If you’re into spinning, you fall into one of two camps. You’re either devoted to SoulCycle and obsessed with their darkened rooms and cult-like leaders, or you’re all for Flywheel and its competitive nature. As someone who tried SoulCycle and subsequently hated it, I’ve put off stepping foot inside of a spinning studio for two whole years…until Flywheel announced tech enhancements to make even biking newbies consider a class (especially since the first one is free).
I prefer dance cardio and yoga over anything truly athletic, which made me wary at best, and terrified at worst. Flywheel, famous for its leaderboard displaying rider’s scores on a screen at the front of the room, sounded far too intimidating, especially since my competitive nature is basically nonexistent. When people strike a Crow pose at yoga, I casually sip from a
But alas, many New Yorkers swear by Flywheel, so I decided to attempt the “enhanced experience” they were offering riders. The website and app now recommend classes based on the teaching style of instructors, showing their likes, dislikes and the music they’ve been playing. The system also auto-books classes and auto-refills purchases. For the highly competitive, a tech pack greets riders and keeps track of their race times. The tech pack can also connect with instructors, to help them understand the rider’s level and needs.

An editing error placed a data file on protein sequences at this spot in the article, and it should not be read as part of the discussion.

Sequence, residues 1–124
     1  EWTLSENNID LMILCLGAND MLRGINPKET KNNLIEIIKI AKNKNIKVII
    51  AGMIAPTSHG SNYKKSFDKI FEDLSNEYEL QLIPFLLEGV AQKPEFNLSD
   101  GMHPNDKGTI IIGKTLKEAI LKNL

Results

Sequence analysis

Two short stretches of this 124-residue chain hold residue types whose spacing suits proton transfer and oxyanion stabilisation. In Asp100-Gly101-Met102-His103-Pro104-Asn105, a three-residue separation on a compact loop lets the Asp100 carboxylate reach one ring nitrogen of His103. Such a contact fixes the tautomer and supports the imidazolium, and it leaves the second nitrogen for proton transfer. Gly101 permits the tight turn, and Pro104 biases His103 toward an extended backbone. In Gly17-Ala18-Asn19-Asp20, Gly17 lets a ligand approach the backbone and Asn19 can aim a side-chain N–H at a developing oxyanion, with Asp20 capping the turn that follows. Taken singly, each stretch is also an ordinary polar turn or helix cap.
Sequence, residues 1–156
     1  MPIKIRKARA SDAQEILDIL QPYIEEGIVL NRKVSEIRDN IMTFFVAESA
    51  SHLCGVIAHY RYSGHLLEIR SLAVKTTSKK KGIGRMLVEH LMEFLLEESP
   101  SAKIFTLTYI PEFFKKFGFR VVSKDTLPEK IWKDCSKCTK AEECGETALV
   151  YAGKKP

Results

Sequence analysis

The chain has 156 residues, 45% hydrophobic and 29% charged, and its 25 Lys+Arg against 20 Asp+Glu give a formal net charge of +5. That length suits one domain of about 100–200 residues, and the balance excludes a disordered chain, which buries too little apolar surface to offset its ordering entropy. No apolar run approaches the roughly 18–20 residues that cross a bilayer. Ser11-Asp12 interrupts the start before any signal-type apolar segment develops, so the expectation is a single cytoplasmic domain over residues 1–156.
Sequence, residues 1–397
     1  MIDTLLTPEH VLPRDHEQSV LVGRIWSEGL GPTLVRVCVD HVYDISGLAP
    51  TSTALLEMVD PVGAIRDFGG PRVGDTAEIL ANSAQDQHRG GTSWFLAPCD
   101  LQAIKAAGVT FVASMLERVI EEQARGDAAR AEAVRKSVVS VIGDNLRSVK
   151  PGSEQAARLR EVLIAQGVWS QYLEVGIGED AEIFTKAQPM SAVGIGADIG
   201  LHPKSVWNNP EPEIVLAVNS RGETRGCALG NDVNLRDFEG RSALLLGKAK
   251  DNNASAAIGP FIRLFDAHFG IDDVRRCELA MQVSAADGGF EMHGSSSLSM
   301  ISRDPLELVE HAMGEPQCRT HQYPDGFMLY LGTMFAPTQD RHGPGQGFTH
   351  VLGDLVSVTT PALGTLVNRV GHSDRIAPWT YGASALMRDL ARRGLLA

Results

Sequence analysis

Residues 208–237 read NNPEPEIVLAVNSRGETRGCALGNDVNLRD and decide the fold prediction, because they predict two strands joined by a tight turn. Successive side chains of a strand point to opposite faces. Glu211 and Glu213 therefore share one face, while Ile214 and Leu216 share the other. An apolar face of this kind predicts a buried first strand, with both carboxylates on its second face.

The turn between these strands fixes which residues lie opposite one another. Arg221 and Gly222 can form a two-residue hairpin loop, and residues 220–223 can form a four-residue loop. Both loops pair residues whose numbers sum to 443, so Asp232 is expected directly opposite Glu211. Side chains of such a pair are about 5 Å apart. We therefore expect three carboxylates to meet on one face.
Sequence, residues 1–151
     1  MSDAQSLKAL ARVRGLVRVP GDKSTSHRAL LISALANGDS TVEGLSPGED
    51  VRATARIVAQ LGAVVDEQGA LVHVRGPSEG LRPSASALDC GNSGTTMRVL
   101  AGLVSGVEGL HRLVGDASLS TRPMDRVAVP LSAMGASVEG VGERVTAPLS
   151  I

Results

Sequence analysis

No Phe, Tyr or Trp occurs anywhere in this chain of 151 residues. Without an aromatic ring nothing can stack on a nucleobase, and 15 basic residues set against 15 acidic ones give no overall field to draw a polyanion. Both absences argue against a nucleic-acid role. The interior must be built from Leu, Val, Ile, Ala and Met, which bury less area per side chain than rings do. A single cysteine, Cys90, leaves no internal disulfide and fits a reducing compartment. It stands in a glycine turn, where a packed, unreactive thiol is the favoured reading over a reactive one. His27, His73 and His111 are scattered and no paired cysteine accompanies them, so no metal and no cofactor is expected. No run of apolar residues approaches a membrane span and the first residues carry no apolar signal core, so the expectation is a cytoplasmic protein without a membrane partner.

I went into Flywheel fully expecting to feel the same way I felt about SoulCycle. There, I spent most of class sweating profusely, wondering if the seat was could injure me and feeling sure I would fly out of my shoes and off the bike, to great injury, which would be difficult to explain. Instead, Flywheel offered a much more guided ride, far less intimidating for beginners. The instructor kept announcing what the numbers on the bike should look like, and while mine weren’t always there, it made it much easier to at least feel like I knew what I was doing. With stadium seating and dark lights, I was able to hide in the back while keeping up the instructor, who seemed to be pedaling unreasonably fast throughout the entire ordeal.
At some darkly lit boutique studios with no clocks or windows, one could easily spend five minutes in class and think it’s been an hour. Here, the instructor repeatedly announced how many songs were left and when we would begin toning with weighted batons found at the bottom of our bikes. One pet peeve I have is classes with instructors who encourage an experience over results. If someone is giving up their time and money, there should be positive consequences. Of course, it should be fun, too, but mostly it should result in the abs and arms people are desperately hoping for before the Hamptons start calling.
That competition I had so dreaded can be nonexistent, depending on the rider. Sure, those who grew up playing team sports and displaying exceedingly Type-A behavior will love the corresponding app to keep track of progress, but those who would rather see the results in their own bodies can easily throw a towel over their numbers and keep riding. With swimsuit season looming in the distance, Flywheel’s latest advances will have anyone in tip-top condition. And hey, they might even enjoy the ride while they get there.